We See You, Super PACs

A new iPhone app allows Americans a clear window into the operations and rationale behind the Super PACs that are currently blanketing television's airwaves with campaign ads.

Article written by guest writer Kecia Lynn


What's the Latest Development?

Just in time for election season comes the Super PAC App, which gives iPhone users a way to find out who they have to thank for a particular political ad happening within their earshot. The free app, conceived as part of a class at the MIT Media Lab, works by using audio recognition technology to identify, and then display, detailed data about the Super PAC responsible for the ad. Some of the information revealed by the app includes the amount of money spent and the "truthiness" of the claims being made.

What's the Big Idea?

Writer Adriana Lopez says, "To date over $300 million has already been contributed to nearly 800 Super PACs...[and] a majority of the money raised will be spent on television advertisements, specifically in swing states." The Super PAC App is funded by a grant from the John S. and James L. Knight Foundation, which is spearheading a larger initiative to improve transparency and increase Americans' knowledge about the political process. The app's designers hope to extend the app for use in other countries' elections as well.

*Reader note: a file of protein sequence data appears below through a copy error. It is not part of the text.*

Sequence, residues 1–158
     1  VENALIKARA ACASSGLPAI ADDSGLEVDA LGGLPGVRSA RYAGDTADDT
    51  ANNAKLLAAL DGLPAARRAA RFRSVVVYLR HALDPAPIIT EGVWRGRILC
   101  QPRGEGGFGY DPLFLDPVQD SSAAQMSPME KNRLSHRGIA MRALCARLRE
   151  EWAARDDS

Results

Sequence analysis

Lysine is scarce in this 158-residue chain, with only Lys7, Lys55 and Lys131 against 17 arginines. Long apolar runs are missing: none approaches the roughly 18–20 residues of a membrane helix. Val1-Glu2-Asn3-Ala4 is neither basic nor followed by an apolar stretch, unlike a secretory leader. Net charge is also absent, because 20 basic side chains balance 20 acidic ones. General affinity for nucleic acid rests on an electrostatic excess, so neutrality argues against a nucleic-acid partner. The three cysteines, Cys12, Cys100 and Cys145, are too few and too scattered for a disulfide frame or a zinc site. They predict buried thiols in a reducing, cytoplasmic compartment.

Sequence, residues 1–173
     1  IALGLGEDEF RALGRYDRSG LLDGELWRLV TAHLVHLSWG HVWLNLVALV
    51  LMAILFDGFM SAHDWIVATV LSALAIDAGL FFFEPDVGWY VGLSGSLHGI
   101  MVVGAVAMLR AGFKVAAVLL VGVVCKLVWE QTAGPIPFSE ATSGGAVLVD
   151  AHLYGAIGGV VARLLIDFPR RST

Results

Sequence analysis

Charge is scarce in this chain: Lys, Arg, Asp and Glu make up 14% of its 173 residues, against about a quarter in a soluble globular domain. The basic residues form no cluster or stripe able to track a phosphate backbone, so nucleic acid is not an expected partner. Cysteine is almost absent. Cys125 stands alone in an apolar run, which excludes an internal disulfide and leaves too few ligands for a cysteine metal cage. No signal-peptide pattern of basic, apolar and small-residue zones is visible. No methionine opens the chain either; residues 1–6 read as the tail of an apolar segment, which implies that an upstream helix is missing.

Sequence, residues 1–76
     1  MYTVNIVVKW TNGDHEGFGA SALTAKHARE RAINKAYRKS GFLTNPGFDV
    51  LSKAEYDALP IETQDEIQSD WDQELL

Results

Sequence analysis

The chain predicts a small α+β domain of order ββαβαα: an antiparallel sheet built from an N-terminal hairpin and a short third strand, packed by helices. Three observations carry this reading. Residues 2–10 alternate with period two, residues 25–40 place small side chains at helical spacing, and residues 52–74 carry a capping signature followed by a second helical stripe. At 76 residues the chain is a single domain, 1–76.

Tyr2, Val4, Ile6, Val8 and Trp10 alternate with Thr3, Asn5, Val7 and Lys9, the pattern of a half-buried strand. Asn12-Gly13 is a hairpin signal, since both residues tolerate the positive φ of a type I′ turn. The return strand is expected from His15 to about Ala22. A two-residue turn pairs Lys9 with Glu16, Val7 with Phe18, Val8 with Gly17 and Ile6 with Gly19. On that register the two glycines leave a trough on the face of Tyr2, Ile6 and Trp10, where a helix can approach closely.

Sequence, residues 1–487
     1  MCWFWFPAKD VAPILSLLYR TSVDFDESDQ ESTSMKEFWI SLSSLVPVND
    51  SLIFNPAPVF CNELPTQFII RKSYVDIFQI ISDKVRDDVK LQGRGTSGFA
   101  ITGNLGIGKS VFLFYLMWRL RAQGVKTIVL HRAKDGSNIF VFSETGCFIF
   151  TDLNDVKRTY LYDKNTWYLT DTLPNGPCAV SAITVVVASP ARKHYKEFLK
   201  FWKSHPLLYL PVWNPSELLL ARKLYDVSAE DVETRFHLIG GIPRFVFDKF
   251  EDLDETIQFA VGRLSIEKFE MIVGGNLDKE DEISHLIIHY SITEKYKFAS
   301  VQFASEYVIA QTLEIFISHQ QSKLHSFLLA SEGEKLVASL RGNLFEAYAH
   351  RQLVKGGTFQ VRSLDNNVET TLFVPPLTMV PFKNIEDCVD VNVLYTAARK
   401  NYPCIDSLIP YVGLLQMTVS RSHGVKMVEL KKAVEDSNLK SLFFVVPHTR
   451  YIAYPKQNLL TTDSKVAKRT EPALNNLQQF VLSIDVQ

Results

Photo Credit: Shutterstock.com

LinkedIn meets Tinder in this mindful networking app

Swipe right to make the connections that could change your career.

Getty Images
Sponsored
Swipe right. Match. Meet over coffee or set up a call.

No, we aren't talking about Tinder. Introducing Shapr, a free app that helps people with synergistic professional goals and skill sets easily meet and collaborate.

Keep reading Show less

26 ultra-rich people own as much as the world's 3.8 billion poorest

The Oxfam report prompted Anand Giridharadas to tweet: "Don't be Pinkered into everything's-getting-better complacency."

Getty Images and Wikimedia Commons
Politics & Current Affairs
  • A new report by Oxfam argues that wealth inequality is causing poverty and misery around the world.
  • In the last year, the world's billionaires saw their wealth increase by 12%, while the poorest 3.8 billion people on the planet lost 11% of their wealth.
  • The report prompted Anand Giridharadas to tweet: "Don't be Pinkered into everything's-getting-better complacency." We explain what Steven Pinker's got to do with it.
Keep reading Show less

People who constantly complain are harmful to your health

Moans, groans, and gripes release stress hormones in the brain.

Photo credit: Getty Images / Stringer
popular

Could you give up complaining for a whole month? That's the crux of this interesting piece by Jessica Hullinger over at Fast Company. Hullinger explores the reasons why humans are so predisposed to griping and why, despite these predispositions, we should all try to complain less. As for no complaining for a month, that was the goal for people enrolled in the Complaint Restraint project.

Participants sought to go the entirety of February without so much as a moan, groan, or bellyache.

Keep reading Show less
Videos
  • Facebook and Google began as companies with supposedly noble purposes.
  • Creating a more connected world and indexing the world's information: what could be better than that?
  • But pressure to return value to shareholders came at the expense of their own users.
Keep reading Show less